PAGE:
Full moon in the sky

Headlamps and the Full Moon Standard

The Most Romantic Standard Ever

The full moon standard is a very simple benchmark test for manufacturers. It allows them to measure how long a headlamp can run on a fresh set of batteries. The standard goes back to the idea, that a clear full moon night provides enough light for the human eye to see properly. The actual brightness of such a night is always 0.25 Lux – almost everywhere on the globe.

Now, when you try to remember your last clear full moon night, you probably remember a decent amount of light. Bright enough to see things clearly. And you may agree that a clear full moon night is bright enough to find your way on a trail…without needing a headlamp.

Manufacturers seem to like the idea of using this natural benchmark for a low light scenario. So, they decided to use – or misuse(!) – the “full moon scenario” for their needs. As a reference for the minimum light output a headlamp should have.

Stopwatch and headlamp

A “full moon” testing procedure could be as follows: You load a product with a fresh set of batteries and turn it on. You let it shine until the product reaches the minimum benchmark of 0.25 Lux light output. That’s where you stop your watch to see how long the batteries have lasted. Hmmm… Sounds reasonable so far. But it’s not.

Instead, it only does two things. It produces enormous runtime hours. Plus, it makes customers believe that the minimum output of their product is bright enough to see as good as in a clear full moon night.

A Basic Misunderstanding of Light

We’re facing a big problem here. Because the full moon standard is based on massive misunderstanding of light and the perception of light in the human eye. What sounds like a useful standard at first, turns out to be very misleading for the customer.

Here is why: Talking about sunlight or moonlight, we’re talking about a “light source” which is enormously far away. So the light is hitting our planet in a wide straight beam of light. Equally and everywhere, as far as you can see. Looking around, you’re always looking at the same level of illumination.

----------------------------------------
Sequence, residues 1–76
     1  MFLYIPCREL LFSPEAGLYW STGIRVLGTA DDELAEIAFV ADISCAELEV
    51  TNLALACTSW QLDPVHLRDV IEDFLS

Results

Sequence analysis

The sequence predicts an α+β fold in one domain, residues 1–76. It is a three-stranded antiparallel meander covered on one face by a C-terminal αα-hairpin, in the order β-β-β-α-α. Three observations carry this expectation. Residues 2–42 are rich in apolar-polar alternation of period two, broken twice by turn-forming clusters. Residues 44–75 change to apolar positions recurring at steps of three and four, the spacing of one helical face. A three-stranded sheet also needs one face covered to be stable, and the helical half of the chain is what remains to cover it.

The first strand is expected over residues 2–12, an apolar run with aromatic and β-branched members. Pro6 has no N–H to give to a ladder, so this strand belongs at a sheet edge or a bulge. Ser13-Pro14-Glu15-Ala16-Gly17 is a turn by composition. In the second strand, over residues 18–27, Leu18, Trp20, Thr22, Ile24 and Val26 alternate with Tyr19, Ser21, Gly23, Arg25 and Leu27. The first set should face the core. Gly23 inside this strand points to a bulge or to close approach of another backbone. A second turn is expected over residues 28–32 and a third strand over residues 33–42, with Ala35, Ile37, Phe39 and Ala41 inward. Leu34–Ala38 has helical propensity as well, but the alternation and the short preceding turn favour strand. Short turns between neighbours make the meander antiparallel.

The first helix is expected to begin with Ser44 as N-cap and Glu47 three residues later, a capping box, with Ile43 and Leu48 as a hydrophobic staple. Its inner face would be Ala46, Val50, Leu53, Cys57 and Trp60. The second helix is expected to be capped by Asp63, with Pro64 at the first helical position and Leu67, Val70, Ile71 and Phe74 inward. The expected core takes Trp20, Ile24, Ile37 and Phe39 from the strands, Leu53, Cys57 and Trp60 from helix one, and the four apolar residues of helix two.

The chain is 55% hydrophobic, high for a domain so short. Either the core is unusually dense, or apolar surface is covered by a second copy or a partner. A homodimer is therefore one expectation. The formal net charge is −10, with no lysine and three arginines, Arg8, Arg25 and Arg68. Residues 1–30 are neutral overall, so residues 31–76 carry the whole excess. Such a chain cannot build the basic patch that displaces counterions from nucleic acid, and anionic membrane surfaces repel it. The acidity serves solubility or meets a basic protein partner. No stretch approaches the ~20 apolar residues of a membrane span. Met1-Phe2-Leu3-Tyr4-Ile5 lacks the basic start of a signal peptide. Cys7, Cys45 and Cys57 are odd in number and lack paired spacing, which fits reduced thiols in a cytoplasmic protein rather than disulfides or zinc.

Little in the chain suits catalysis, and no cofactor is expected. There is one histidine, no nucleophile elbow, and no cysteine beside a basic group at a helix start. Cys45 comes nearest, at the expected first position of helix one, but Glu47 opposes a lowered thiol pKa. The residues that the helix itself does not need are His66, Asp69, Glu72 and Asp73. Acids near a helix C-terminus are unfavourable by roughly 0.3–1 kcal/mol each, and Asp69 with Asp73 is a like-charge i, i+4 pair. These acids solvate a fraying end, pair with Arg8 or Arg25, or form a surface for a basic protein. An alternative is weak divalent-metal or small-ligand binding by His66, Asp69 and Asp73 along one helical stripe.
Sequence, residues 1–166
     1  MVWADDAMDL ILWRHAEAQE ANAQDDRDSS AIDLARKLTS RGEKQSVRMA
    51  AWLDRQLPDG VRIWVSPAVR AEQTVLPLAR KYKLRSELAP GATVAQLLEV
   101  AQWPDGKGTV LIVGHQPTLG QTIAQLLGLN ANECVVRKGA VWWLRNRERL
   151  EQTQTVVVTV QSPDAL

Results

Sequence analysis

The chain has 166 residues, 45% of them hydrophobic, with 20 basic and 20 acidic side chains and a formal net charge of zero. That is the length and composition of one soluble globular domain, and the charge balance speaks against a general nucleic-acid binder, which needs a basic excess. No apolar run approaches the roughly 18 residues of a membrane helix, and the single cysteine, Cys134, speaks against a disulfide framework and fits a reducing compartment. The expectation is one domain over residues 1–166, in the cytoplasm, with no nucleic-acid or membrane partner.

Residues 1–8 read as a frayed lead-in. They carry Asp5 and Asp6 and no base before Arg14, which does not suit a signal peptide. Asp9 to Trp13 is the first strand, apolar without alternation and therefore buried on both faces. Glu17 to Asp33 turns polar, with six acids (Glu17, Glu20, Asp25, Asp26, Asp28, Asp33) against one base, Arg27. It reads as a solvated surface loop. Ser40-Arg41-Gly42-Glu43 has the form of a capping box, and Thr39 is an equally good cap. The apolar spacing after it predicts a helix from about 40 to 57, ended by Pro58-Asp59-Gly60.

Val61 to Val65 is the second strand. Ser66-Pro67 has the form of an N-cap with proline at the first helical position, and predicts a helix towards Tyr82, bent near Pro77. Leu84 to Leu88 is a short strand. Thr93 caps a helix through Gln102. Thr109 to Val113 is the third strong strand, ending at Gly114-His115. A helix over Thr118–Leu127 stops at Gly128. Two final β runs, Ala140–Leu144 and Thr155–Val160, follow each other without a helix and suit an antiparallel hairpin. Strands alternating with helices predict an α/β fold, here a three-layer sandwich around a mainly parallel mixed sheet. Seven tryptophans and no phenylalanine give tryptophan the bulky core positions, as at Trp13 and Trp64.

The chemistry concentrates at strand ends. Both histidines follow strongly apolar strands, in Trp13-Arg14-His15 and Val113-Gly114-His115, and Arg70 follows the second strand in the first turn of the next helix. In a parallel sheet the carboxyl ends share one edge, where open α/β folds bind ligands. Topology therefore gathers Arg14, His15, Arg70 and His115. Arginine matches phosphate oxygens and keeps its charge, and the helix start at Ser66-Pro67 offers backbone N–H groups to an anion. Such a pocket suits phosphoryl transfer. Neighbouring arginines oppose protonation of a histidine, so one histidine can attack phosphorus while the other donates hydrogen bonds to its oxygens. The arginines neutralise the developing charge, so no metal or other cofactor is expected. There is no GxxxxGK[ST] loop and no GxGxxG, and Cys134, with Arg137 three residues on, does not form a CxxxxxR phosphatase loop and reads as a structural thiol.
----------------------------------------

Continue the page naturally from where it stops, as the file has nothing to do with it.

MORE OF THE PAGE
Landscape under full moon

Image above: This is how most of us remember a clear Full Moon Night

So, in a full moon night we’re looking at 0.25 Lux everywhere around us. On the trail, on the fields, on every obstacle and everywhere else. And since there is light, there’s also reflection. Meaning that every obstacle, field or trail is also reflecting light. Not much, but still enough to create an even smoother impression of brightness.

The human eye loves such constant light conditions. Our pupils have plenty of time to fully adopt. Unlike constantly needing to adjust between bright and dark areas. They open up as much as they can and they stay open. As a result we see even better. And that’s why we always remember a full moon night as a bright night.

This Small Spot of Moon Light Is Annoying

Now, please keep this beautiful bright “full moon night” impression in mind. We want to compare it to this random outdoor scenario: You’re out on the trails, your hike has taken longer than expected and it’s dark by now. The moon is far from shining bright. Actually, you cannot even see it through the clouds. Not enough, your headlamp is almost dying.

The remaining light is a tiny spot in front of you. A dim spot of maybe 0.25 Lux, not even the size of a bike wheel. Everything around you is dark and you’re looking at a tiny spot of moonlight only. How annoying!

Dim spot of dying headlamp

And that’s the point already. A small spot of moonlight cannot be compared to any clear full moon night. Or any visual conditions in such a night. But that’s what this standard suggests, and that’s why we think it’s misleading. We think, 0.25 Lux out of a headlamp are nothing more that a drop of water in a desert. And therefore doesn’t qualify as a reference for minimum light output.

The Last Chance Light

In an emergency, you may be happy your headlamp is still producing 0.25 Lux of light. You may thank god there’s some light left – a kind of a “last chance light” which may still bring you home.

But such a scenario cannot explain why 0.25 Lux should count towards the “official” total runtime of a headlamp. Manufacturers should specify a more realistic benchmark for the end of light output. Just like the ANSI FL1 Standard recommends it: It suggests to stop runtime measurements when 10% of the initial light output are reached.

If any product keeps producing 0.25 Lux thereafter, that’s great and helpful in an emergency. But don’t make us believe 0.25 Lux would be useful in any normal situation.

Please note our experience with most headlamps: 70-90% of the manufacturers claimed total runtime usually happens with less than 10% of the initial brightness of the lamp. Thanks to the Full Moon Standard.

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